Norah Goes Off Script by Annabel Monaghan

This was the second great book I brought on vacation (I foolishly only brought 3 and this and The Very Nice Box were so good I zoomed right through them and then I didn’t like the third. What was I thinking? Of course I should have brought more! Fortunately I grabbed an Anne Tyler from a Little Free Library, though I ended up spending more time reading the amazing vintage 1963 McCalls Cookbook that was in the cabin.)

This was the perfect fun summer book. Is it pretty much a fairytale? Yes. Do we like reading about outrageously wealthy people? Yes. Do we like to imagine ourselves somehow accidentally ending up mingling with the rich and famous? Yes. Though honestly, in this case, our main character isn’t exactly like regular old us to start with. She’s a writer of Hallmark channel romance movies. So she is accustomed to writing scripts and then one of them is getting made into a feature film AND it’s being filmed at her house (because the script is basically based on her own terrible marriage to a selfish guy. )

Anyway, sparks fly between her and the A list star who ends up staying at her house and inserting himself into her very ordinary life. (She has two kids and I think she was too perfect and wonderful a mother, and the kids too perfect and adorable and charming, but that made it fun.)

I really enjoyed this!

Sick of Shadows by Marion Chesney

This seems to be book #3 in the Edwardian Murder Mysteries and I believe I had read book 1 or 2 at some point. Delightful and light with interesting historical detail. Lady Rose should have learned by now to stop leaping to conclusions and know that Harry has good intentions, but I’ll keep reading all about her!

Fun fact: Marion Chesney is the first historical romance author I ever read. I started reading the School for Manners in high school and loved it. So I’ve often read books by her. But not until I logged this book in Goodreads did I ever realize that Marion Chesney and M.C. Beaton are one and the same!!

Adult Assembly Required by Abbi Waxman

Loved it! I couldn’t quite remember Nina Hill (other than that I’d loved that), and I was delighted to discover the same characters were in this one. Charming and sweet and funny.

To fully enjoy this story you’ll just have to accept, as with all the best heartwarming fiction putting together lots of characters and some in unlucky circumstances, that kind and spontaneous things do happen and happen to work out. Like finding yourself suddenly homeless after newly arriving in a city and your apartment burning up and then going to a cute bookstore and the people there just take you in and find you new friends and a place to live? With a bunch of other interesting characters? Maybe not the most realistic, but that’s why it’s FICTION.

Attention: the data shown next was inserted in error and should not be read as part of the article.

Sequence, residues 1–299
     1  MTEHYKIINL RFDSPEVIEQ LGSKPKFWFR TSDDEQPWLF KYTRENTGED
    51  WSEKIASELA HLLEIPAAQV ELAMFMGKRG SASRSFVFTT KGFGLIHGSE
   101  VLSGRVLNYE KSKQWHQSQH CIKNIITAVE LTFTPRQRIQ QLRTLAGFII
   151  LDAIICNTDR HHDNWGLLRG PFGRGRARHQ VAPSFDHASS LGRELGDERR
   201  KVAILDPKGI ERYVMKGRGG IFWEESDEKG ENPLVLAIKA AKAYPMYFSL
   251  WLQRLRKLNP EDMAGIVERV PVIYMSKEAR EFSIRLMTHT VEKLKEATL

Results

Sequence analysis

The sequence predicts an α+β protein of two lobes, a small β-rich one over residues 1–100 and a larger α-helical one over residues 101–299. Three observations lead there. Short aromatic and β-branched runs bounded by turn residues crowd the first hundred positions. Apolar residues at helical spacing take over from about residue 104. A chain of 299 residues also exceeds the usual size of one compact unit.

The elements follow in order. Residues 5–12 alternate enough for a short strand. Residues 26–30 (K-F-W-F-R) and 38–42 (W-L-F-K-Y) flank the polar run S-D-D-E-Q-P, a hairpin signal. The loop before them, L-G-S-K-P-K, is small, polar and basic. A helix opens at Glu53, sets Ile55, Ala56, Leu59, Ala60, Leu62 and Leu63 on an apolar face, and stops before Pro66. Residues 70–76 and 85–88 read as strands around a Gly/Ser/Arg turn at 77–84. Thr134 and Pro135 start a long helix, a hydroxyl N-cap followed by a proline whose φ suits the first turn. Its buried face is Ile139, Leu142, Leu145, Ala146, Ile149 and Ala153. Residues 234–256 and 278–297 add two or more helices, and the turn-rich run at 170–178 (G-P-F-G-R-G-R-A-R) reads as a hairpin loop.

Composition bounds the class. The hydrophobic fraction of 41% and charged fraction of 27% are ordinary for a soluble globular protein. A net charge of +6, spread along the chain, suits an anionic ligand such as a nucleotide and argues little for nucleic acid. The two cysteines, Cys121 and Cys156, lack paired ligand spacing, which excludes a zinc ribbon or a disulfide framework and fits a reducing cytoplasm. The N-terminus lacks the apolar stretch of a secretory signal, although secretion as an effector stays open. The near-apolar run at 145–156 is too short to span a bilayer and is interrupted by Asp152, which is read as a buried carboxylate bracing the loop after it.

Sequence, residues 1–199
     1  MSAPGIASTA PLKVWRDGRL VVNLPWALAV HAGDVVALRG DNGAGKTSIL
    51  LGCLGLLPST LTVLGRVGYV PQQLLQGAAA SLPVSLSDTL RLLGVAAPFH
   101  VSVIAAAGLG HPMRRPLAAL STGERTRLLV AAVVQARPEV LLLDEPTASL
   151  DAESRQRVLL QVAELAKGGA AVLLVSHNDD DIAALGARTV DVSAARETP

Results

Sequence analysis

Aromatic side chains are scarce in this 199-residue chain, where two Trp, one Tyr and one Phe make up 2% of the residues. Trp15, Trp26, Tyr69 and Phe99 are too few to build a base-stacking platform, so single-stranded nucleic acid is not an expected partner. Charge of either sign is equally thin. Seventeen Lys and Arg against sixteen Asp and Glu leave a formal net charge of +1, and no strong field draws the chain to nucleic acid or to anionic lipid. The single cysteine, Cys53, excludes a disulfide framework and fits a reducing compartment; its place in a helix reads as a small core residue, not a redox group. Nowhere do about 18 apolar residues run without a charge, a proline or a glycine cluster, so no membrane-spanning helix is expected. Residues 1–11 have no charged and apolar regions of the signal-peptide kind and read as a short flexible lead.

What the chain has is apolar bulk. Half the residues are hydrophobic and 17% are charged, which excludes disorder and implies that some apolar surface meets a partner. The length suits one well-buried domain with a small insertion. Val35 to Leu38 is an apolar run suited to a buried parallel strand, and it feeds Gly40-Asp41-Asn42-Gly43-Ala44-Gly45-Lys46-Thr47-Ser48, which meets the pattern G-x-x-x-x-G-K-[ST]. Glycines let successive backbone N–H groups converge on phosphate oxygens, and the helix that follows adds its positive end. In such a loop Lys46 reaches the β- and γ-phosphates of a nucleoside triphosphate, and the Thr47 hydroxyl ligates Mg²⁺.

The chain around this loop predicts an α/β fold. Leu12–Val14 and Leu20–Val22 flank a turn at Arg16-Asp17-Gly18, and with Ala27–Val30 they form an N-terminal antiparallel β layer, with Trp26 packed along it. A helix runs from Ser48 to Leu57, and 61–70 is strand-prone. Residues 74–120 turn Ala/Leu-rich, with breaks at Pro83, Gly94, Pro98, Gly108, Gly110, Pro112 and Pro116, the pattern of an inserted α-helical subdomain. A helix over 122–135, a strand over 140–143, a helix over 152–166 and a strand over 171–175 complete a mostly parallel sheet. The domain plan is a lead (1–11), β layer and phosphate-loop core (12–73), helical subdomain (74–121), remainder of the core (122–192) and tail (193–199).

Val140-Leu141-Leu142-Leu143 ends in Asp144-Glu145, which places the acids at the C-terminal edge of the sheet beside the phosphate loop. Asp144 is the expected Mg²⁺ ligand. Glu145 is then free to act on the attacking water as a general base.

Love, Comment, Subscribe by Cathy Yardley

I liked the premise of this but am most definitely the wrong audience. Romance between two former high school friends who’ve lost touch? Yes. Person felt they were a huge nerd and wanted to be something different? Yes. Making a living creating “content”? No thank you. They are both somewhat famous YouTubers trying to get bigger and bigger. One of them even has an agent.  I get it, they work hard. But I’m 50 and honestly I wanted to tell them both to get a real job. (In this case, I connected with the parents who were dismissive of their child’s career.) And mostly where that hindered me from enjoying this was the big “collaboration” they were working so hard on. I just thought it was dumb. Like really really dumb.

Dear Emmie Blue

My friend and I both read Eight Perfect Hours and thought it was just “eh”. She was more disappointed than I was and kept telling me that Eight was especially poor given how good her first book, Dear Emmie Blue, was and that I should read that one. So I did and now I totally see why she felt that way. This book was a delight!

Emmie Blue has had a shit life in terms of family, so when she meets-via a balloon she lets go with her name and email address in it-a boy who now lives in France and they connect, it’s not just wonderful, it’s also what she needs. Over the years he became her best friend and she adores his family and was a welcome part of it. Now they are adults and Emmie has realized she romantically loves him and is shocked and dismayed when he asks her to be his best woman at his wedding-to someone else.

I thought this was really good and much more than just a “oh no I love my best friend” type story.  I cared for the characters and enjoyed each of their stories.

This Time Next Year by Sophie Cousens

Absolutely delightful! It was kind of weird to think that to be reading a story so exactly when it takes place-read in January 2021 and she is describing Christmas 2020 and December 31 2020– that means she wrote it set in the future, technically. (and then also a little weird because, with no mention of a pandemic technically it’s an alternate reality! I’m sure she had no idea that would happen when she wrote this.)